- Those are the most popular dog names across the boroughs, though some owners bark to their own tune with canine names like Mabel in Battery Park City, Penny in Long Island City and Olive in Fort Greene/Clinton Hill.
Localize.city, a real estate knowledge platform that creates dozens of insights for every New York City address, tells you whether a particular home is in a dog-friendly area. For these areas, the platform shows you nearby access to parks and dog runs — and tells you how long the walk is. It tells you the most popular dog breeds and whether there are a lot of registered dogs living nearby. The platform also tells you the most popular dog names in the area.
It turns out, when it comes to picking names for pups, many New Yorkers across the boroughs tend to follow the pack.
“New Yorkers are more alike than they may realize when it comes to naming their dogs,” Localize.city urban planner Alon Goldstein said. “Neighborhoods with widely different demographics and types of housing have similar dog names.”
Most popular girl names
Bella, for instance, was the No. 1 female dog name in a wide range of areas, from Manhattan’s East Village to Queens’ Middle Village, from Brooklyn’s Red Hook and Carroll Gardens to West Farms in the Bronx and Staten Island’s Bulls Head. In fact, Bella was the top female dog name in 73 areas across the boroughs, according to a Localize.city analysis of New York City Health Department dog registration data by ZIP code from 2016, which was the most recent year available.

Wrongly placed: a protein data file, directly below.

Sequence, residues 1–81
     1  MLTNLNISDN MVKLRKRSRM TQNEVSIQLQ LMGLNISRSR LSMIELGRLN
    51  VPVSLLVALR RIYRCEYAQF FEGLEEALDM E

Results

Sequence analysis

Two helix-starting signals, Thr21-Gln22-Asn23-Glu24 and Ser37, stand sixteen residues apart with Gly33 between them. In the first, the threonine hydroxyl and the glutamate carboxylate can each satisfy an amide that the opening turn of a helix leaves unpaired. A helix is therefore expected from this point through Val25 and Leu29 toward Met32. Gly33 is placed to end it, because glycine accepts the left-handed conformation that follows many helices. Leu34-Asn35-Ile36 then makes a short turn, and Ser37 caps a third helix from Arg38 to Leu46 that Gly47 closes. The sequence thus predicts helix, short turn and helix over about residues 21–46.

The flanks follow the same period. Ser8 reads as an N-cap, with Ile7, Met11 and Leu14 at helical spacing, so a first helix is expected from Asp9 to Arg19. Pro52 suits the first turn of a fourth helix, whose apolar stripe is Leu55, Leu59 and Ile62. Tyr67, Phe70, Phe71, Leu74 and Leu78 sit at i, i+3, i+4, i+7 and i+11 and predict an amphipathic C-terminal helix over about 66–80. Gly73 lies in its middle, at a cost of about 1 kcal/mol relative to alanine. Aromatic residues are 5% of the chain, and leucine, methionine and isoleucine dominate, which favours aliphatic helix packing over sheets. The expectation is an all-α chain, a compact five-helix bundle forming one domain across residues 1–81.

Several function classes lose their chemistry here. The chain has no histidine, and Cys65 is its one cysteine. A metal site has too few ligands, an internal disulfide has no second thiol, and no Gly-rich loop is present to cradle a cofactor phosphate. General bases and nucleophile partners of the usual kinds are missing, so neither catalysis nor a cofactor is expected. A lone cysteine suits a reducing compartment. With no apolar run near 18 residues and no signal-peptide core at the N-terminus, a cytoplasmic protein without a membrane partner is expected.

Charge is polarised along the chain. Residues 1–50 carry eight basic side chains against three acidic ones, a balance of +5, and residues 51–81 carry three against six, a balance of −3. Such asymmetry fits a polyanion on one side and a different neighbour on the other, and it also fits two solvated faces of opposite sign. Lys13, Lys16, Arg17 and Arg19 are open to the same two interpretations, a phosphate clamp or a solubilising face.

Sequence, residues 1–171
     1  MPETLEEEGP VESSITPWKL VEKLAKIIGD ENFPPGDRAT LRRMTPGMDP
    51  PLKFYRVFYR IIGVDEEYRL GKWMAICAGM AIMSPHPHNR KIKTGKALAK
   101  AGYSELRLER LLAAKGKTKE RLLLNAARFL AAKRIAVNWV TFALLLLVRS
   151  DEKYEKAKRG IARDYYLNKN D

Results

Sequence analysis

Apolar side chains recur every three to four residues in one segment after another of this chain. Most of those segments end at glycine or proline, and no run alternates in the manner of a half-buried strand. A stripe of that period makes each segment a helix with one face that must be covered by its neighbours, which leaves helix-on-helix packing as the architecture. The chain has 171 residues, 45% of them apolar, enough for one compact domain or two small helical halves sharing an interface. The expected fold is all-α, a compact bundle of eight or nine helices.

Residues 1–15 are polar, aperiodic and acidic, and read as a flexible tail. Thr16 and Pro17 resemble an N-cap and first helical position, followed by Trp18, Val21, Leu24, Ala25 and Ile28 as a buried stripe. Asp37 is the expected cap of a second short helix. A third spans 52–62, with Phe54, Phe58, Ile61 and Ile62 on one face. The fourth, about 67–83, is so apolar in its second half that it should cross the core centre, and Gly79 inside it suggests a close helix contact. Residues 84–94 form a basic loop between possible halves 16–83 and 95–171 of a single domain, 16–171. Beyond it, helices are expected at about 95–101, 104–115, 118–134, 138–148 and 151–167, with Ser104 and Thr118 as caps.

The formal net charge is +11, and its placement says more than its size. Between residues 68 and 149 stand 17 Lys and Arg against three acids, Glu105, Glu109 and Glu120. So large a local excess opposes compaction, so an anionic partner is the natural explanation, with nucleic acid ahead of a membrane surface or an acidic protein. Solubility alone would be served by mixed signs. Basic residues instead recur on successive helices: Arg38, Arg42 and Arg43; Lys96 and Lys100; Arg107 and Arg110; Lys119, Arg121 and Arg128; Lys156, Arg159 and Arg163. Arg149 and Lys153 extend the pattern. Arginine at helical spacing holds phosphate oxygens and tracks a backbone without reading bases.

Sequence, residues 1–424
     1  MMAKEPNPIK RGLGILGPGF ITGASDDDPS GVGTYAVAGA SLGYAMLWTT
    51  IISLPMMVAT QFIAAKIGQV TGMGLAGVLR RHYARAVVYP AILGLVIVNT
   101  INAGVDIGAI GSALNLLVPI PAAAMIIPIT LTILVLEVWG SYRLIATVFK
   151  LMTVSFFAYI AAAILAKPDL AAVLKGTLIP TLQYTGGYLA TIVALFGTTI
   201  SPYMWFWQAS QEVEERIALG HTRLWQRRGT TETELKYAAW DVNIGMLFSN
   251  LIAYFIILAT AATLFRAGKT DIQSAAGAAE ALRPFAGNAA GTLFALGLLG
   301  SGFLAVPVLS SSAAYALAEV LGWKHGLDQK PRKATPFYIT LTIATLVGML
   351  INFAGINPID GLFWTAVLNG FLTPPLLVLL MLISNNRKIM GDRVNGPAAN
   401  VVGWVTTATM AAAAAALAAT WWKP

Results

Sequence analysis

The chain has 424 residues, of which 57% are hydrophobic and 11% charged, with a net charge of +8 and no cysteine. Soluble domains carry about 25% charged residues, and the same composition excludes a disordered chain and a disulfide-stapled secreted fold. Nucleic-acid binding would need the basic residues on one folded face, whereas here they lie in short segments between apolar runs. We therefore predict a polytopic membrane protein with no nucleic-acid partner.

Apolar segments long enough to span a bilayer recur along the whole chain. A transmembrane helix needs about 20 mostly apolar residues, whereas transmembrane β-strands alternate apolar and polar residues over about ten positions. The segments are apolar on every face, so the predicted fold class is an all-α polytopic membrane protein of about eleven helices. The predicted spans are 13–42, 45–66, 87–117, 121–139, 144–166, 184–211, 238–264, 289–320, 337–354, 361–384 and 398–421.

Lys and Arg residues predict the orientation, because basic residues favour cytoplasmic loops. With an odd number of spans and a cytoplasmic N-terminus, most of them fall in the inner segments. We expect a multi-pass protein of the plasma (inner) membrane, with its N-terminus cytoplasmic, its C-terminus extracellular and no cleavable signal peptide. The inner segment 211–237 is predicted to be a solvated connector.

Bella bested other dog names in all Staten Island ZIP codes. It was also dominant in South and East Brooklyn, Eastern and Central Queens, as well as the North Bronx and eastern part of the borough. Princess reigned the South and Central Bronx, while Lucy was big in areas like Inwood, the Upper West Side and Upper East Side, Brooklyn Heights/Dumbo and Park Slope, and part of Jamaica Estates and Hollis.
Top 5 female dog names by ZIP code
Bella (73 ZIP codes)
Princess (19 ZIP codes)
Lola (17 ZIP codes)
Lucy (16 ZIP codes)
Coco/Cocoa (12 ZIP codes)
Residents at the southern tip of Manhattan diverged the most from each other for female dog names: Juno was most popular in part of the Financial District, while Stella, Luna and Smokey were common in other parts of FiDi, and Mabel was all the rage nearby in Battery Park City. Across the river, Penny was popular in part of Long Island City, Chloe was a favorite in Whitestone/Clearview, and you’ll likely hear someone calling for Olive in parts of Fort Greene and Clinton Hill.
Most popular boy names
For males, the No. 1 name was Max, where it was top dog in 57 neighborhoods, including parts of Manhattan’s Upper West Side and Brooklyn’s Park Slope, as well as Jackson Heights in Queens, the Bronx’s Classon Point and Staten Island’s Arrochar.
Overall, Max was the dominant name in most Brooklyn and Queens ZIP codes, and it vied for top dog name with Rocky in the Bronx. Rocky also took hold of a large swath of Staten Island, with some pockets in Upper Manhattan, north Queens and South Brooklyn. Charlie was the most popular name in most Manhattan ZIP codes.
Top 5 male dogs names by ZIP codes
Max (57 ZIP codes)
Rocky (29 ZIP codes)
Charlie (24 ZIP codes)
Lucky (13 ZIP codes)
Buddy (9 ZIP codes)
Chance was the most popular name for male dogs in parts of Jamaica, while Diesel was big in other another part of this Queens neighborhood. In yet another part of Jamaica, Gizmo was most common, as it was in part of Crown Heights. And while Prince reigned supreme in five ZIP codes — part of Crown Heights/Bed-Stuy, Cypress Hills/East New York, Canarsie, Flushing, and St. George/New Brighton — King took the crown in one: Morris Heights in the South Bronx.